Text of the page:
fvadmin's picture

NVT Gets Bsia's 'new Exporter Of The Year'

Wesley Harper, NVT’s Managing Director said, “We are deeply honored that our hard work in developing export markets has been rewarded with such a prestigious award. NVT’s commitment to export growth and its ability to succeed in new and emerging markets is a testament to the professionalism of the NVT team and their execution of a robust business plan.” Since its arrival in the UK in 2000, NVT has been widely attributed as the driving force behind establishing the market for real-time, CCTV video transmission over unshielded twisted pair (UTP) cable.

Read More
Sat
14
Aug
fvadmin's picture

Canadians Playing With Fire

The review showed that of those present during a house fire, 74 per cent thought they’d never experience a fire and 50 per cent said they had no house fire escape plan in place. And while 64 per cent said they’d established a house fire escape plan, 63 per cent had not practised it that year. Meanwhile, around 20 per cent of those surveyed never replaced the batteries in their home smoke sensors.

Read More
Sat
10
Jul
fvadmin's picture

Brits Behaving Better

Total robbery (not street crime) is down by 12 per cent - includes robbery of personal property down by 11 per cent, and business property down by 25 per cent for April and May 2004 compared with the same period last year. Meanwhile, residential burglary is down 9 per cent - that means 908 less household burglary victims.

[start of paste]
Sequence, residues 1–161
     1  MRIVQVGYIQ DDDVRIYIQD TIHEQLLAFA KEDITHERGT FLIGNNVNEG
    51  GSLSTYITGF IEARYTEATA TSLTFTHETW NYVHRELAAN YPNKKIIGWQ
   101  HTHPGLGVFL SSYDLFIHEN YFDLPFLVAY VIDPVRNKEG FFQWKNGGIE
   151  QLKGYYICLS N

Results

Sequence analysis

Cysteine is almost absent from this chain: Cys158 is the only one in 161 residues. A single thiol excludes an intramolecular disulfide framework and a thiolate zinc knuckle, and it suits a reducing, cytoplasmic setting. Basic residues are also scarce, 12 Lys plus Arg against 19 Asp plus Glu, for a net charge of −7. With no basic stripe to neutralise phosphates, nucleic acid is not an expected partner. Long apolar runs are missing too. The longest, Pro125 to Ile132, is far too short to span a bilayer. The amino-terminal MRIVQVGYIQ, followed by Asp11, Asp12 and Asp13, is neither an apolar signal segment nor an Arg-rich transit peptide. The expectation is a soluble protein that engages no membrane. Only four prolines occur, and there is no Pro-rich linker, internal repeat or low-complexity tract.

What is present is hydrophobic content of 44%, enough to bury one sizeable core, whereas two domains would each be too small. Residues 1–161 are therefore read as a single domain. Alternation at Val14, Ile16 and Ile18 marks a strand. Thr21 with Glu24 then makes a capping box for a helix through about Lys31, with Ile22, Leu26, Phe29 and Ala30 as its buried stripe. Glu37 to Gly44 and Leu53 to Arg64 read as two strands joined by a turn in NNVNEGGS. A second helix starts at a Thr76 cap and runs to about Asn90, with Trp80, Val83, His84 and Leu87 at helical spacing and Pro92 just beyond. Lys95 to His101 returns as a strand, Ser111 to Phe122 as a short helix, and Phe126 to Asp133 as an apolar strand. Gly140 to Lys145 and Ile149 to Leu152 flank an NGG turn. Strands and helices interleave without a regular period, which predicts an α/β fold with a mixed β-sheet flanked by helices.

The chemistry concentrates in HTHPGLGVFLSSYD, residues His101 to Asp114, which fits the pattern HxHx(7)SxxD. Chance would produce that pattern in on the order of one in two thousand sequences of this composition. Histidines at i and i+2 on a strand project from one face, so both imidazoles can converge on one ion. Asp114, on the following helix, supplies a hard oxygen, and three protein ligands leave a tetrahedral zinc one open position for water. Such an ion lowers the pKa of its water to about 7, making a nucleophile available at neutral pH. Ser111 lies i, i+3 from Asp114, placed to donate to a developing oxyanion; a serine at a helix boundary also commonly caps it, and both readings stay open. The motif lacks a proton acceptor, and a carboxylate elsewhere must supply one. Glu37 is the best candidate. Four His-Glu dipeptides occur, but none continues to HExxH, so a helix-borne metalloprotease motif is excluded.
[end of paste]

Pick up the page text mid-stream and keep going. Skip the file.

Read More
Sat
10
Jul
fvadmin's picture

U.S. Crime Falls: FBI

The preliminary annual report is based upon information from law enforcement agencies that provided the FBI’s Uniform Crime Reporting (UCR) Program with 6 to 12 months of data in both 2002 and 2003. In total, 11,921 agencies met the criteria to be included in the preliminary report. In order to gauge the level and types of violent acts occurring across the Nation, the UCR Program tracks the offenses of murder and nonnegligent manslaughter, forcible rape, robbery, and aggravated assault; collectively, these offenses form the violent crime category. A comparison of current data to those from 2002 indicates a decline in such crimes nationally. Among the violent offenses, only murder showed an increase during 2003, rising 1.3 percent from the previous year. Of those violent crimes that showed declines, aggravated assault had the largest drop at 4.1 percent; forcible rape and robbery each declined 1.9 percent from the prior year’s data.

Read More
Sat
10
Jul
fvadmin's picture

Iomniscient Wins IFSEC Award

A member of the judging panel said, “...what iOmniscient has to offer is years ahead of anything else we have seen to date." He went on to say that “...organizations should consider it their Duty of Care if they decide not to implement technology like this that could avert a disaster. People would tend to ask why an inexpensive but effective technology has not been deployed especially where innocent lives or major assets are at risk”. The award was presented for the uniqueness and innovation of iOmniscient’s “Genius” product range. These products can detect if objects are placed in or removed from very crowded scenes (even when they are significantly obscured – hidden for a period of time) and can provide timely information to security officers, directly preventing disasters and major thefts from occurring.

Read More

Pages

Subscribe to RSS - News